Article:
CSE Kid's Day highlights computer science and engineering

PhD student Razieh Fathi works with students to program a dancing robot.

PhD student Razieh Fathi works with students to program a dancing robot.


By Jane Stoyle Welch

An enthusiastic crowd of about 500 people filled Davis Hall for a night of fun and games designed to celebrate and promote computer science. Dubbed “CSE Kid’s Day” and hosted by UB’s Department of Computer Science and Engineering (CSE), the event featured robot demos, games designed to teach programming concepts and kid-friendly interactive projects led by UB students.

The most popular spot for families with younger children was the third floor of Davis Hall, where youngsters could program robots to do fun things like follow a line, navigate a maze or dance.

“We got the kids excited by showing them various ways to write code and program a computer. Getting one of our robots to dance to music was very exciting for the kids,” said Bob DeBortoli, a computer engineering major.

In another activity, kids played games that taught programming and computer science concepts without using a computer. Large squares were taped on the floor, and the children moved around the squares by following a series of prompts to sort numbers in increasing order.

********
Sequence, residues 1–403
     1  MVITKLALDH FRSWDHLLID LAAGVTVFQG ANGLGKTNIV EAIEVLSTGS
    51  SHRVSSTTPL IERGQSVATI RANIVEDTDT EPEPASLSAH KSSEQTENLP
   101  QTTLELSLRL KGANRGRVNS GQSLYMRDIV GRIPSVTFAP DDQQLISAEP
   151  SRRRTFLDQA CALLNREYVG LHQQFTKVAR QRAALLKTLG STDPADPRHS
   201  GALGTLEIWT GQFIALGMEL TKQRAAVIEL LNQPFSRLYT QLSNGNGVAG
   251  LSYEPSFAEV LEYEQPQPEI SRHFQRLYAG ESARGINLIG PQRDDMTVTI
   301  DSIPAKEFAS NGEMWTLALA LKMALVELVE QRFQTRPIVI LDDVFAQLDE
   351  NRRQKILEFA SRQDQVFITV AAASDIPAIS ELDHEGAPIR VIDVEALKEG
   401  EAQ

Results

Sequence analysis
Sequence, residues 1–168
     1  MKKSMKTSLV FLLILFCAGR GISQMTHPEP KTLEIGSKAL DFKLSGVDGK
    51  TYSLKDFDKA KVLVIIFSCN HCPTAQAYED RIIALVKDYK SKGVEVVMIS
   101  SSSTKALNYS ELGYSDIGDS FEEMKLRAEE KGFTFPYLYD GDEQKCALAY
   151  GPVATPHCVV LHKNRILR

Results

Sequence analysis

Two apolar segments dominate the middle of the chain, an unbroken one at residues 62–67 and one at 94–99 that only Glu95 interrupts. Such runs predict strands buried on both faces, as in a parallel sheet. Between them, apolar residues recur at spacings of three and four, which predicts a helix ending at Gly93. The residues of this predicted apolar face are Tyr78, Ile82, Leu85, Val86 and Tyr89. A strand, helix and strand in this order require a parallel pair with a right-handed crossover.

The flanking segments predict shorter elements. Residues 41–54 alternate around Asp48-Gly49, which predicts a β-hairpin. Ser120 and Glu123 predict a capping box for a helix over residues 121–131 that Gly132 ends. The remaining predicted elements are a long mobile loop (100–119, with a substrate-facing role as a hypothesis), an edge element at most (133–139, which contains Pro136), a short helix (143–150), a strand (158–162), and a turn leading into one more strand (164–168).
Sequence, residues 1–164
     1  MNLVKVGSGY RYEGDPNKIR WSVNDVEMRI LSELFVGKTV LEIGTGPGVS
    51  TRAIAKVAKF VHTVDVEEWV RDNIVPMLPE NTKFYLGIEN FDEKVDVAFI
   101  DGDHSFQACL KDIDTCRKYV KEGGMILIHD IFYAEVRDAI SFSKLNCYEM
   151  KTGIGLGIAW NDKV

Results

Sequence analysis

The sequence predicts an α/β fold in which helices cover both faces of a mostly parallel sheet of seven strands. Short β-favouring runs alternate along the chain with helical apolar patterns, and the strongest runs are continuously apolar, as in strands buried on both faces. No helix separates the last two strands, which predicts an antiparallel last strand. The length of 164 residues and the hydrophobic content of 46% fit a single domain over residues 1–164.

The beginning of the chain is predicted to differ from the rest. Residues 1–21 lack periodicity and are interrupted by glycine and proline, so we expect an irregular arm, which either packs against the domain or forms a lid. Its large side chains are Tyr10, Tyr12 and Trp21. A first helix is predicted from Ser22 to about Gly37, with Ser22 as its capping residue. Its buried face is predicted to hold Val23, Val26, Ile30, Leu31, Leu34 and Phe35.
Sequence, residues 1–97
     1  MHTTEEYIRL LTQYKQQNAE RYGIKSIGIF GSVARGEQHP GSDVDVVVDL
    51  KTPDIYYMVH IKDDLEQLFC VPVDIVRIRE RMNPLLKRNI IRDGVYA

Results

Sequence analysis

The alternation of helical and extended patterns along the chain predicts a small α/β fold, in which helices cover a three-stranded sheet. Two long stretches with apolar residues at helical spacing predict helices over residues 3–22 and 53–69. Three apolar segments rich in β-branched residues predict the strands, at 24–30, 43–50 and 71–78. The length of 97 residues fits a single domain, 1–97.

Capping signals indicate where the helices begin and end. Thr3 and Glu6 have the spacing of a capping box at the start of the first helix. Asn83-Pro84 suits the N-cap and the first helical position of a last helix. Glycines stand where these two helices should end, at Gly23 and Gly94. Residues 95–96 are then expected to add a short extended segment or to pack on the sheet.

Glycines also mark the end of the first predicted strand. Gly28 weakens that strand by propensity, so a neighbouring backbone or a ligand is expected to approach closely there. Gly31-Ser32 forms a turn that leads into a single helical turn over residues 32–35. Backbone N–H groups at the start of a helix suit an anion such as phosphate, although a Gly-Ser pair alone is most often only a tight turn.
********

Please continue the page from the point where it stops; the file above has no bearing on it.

Kid’s Day, which was part of UB’s celebration of National Computer Science Education Week, aims to get more students learning how to code, program, script, design and harness the power of computing to solve new challenges.

“I know that when I was growing up, I had no idea what computer science was all about,” said computer science major Meg Arnold. “By opening up our department to the community, we can educate kids about computer science and hopefully spark their interest.”

Arnold’s colleague, Gela Malek Pour, added: “We also hope to encourage more girls to explore careers in computer science by exposing them to the field at younger ages.”

The event was organized by the CSE Undergraduate Student Advisory Board, which included Arnold, DeBortoli, Malek Pour and Wendy Jansson, as well as Atri Rudra, associate professor of computer science and engineering.